WHAT IS THE EXTENT OF THE DISABILITIES OF MINORITY?

October 17, 2011 § 3 Comments

Minors can not act for themselves. We call this the “disability of minority,” and the chancery court is charged with protecting their rights. Alack vs. Phelps, 230 So. 2d 789, 793 (Miss. 1970).

The principle of minority disability is in keeping with the ancient maxim of equity that “When parties are disabled equity will act for them.” Griffith, Mississippi Chancery Practice, Section 34, page 37 (1950 ed.). More than 130 years ago, in the case of Price vs. Crone, 1871 WL 8417, at 3 (1870), the Mississippi Supreme Court stated:

“Nothing is taken as confessed or waived by the minor or her guardian. The court must look to the record and all its parts, to see that a case is made which will warrant a decree to bind and conclude [the minor’s] interest, and of its own motion, give the minor the benefit of all objections and exceptions, as fully as if specially made in pleading … There being no power in the infant to waive anything, a valid decree could not be made against her, unless there has been substantial compliance with the requirements of the law, in the essential matters.”  [Emphasis added]

Thus, the chancery court can and should act on its own initiative to protect and defend the minor’s interest.

In the case of Khoury vs. Saik, 203 Miss. 155, 33 So.2d 616, 618 (Miss. 1948), the supreme court held that, “Minors can waive nothing. In the law they are helpless, so much so that their representatives can waive nothing for them …” This is so even where the minor has pled, appeared in court, and even testified.” Parker vs. Smith, et al., 150 Miss. 849, 117 So. 249, 250 (Miss. 1928).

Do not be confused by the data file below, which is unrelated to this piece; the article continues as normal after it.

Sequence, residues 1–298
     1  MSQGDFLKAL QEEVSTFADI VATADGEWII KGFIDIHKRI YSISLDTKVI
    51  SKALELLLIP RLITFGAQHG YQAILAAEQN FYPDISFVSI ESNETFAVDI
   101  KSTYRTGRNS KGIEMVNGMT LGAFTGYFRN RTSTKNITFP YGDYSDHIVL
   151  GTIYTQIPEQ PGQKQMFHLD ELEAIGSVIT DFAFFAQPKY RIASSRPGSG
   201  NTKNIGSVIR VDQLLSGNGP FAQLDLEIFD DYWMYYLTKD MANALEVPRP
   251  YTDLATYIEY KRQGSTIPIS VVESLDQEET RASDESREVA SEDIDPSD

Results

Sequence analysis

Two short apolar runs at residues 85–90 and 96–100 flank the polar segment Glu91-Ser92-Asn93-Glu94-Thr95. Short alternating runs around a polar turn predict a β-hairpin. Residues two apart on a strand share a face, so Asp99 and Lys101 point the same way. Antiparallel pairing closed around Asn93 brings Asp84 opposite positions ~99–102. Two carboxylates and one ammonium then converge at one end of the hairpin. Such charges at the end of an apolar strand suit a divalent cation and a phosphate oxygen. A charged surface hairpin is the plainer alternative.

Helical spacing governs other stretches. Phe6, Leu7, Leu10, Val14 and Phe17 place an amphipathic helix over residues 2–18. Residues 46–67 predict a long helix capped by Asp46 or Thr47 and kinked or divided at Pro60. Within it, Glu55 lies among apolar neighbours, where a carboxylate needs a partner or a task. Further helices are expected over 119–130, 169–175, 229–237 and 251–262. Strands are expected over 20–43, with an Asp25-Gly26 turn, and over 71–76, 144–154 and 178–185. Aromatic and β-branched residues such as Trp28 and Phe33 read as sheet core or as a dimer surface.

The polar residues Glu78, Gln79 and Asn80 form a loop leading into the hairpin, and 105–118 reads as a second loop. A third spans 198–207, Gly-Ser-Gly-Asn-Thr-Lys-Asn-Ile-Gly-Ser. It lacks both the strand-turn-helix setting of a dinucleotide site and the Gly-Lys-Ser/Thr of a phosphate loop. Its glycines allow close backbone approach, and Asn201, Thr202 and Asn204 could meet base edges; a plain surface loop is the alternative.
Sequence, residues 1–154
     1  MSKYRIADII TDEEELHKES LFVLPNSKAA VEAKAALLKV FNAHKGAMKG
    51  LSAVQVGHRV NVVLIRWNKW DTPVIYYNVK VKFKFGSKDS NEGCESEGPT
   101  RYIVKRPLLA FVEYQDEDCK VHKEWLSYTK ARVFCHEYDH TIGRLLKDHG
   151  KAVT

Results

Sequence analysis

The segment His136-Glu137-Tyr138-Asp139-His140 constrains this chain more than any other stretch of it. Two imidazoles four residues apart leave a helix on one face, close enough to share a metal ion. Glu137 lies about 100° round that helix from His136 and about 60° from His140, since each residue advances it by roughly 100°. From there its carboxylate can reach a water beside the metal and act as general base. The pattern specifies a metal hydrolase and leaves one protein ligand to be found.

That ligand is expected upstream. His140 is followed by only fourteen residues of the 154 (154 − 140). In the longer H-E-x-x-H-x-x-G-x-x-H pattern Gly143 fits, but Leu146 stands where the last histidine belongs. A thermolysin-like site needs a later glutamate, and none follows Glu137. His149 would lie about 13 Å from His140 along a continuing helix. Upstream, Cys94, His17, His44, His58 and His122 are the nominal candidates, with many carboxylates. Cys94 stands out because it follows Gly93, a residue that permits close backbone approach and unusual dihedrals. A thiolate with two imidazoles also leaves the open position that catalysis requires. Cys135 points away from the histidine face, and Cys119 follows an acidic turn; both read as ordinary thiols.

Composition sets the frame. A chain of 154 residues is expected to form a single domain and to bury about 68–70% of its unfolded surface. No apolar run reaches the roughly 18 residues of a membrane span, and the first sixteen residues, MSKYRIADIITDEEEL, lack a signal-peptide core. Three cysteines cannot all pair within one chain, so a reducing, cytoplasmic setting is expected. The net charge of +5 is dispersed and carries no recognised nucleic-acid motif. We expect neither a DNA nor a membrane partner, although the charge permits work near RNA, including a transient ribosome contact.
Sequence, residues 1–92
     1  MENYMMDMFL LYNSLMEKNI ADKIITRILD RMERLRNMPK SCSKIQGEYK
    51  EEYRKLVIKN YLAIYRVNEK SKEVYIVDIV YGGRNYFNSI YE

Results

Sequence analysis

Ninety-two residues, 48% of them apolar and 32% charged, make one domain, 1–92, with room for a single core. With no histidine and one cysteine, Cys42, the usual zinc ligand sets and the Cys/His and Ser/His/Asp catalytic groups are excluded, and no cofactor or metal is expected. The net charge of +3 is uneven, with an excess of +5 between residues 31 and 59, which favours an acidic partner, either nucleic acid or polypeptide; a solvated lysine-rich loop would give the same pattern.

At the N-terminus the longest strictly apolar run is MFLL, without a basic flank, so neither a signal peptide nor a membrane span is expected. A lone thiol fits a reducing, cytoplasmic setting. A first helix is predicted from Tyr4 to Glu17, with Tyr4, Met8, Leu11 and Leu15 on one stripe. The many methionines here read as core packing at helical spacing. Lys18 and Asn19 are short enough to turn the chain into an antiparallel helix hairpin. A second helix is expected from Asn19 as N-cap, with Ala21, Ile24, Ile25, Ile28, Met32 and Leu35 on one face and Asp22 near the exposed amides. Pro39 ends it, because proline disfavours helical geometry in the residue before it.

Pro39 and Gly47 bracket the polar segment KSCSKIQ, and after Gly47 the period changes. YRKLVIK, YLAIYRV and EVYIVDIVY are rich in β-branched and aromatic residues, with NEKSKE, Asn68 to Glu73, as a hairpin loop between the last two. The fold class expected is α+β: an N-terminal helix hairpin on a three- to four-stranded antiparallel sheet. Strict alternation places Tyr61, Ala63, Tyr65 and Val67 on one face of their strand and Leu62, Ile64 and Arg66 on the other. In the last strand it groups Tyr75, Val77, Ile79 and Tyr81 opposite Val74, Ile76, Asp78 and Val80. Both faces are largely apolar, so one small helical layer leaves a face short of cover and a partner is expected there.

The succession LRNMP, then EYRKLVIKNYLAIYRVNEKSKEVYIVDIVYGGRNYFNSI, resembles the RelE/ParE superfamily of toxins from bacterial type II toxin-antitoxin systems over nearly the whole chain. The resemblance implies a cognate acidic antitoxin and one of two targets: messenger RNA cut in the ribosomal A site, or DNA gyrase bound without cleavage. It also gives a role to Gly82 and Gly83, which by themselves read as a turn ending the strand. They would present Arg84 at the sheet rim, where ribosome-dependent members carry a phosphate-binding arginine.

Our modern MRCP 4(e) embodies these concepts wherein it specifically states that, “Any party … who is not an unmarried minor … may … waive service of process or enter his or her appearance … in any action, with the same effect as if he or she had been duly served with process, in the manner required by law on the day of the ate thereof.” There is no provision in MRCP 4 that permits a minor to join in an action on his or her own initiative, or to waive process; in fact, the express language of Rule 4 makes it clear that such is not permitted.

It is a long-held fundamental of Mississippi law that process must be had on infants in the form and manner require by law, and a decree rendered against minors without service in the form and manner required by law is void as to them, as they can not waive process. Carter vs. Graves, 230 Miss. 463, 470, 93 So.2d 177, 180 (Miss. 1957).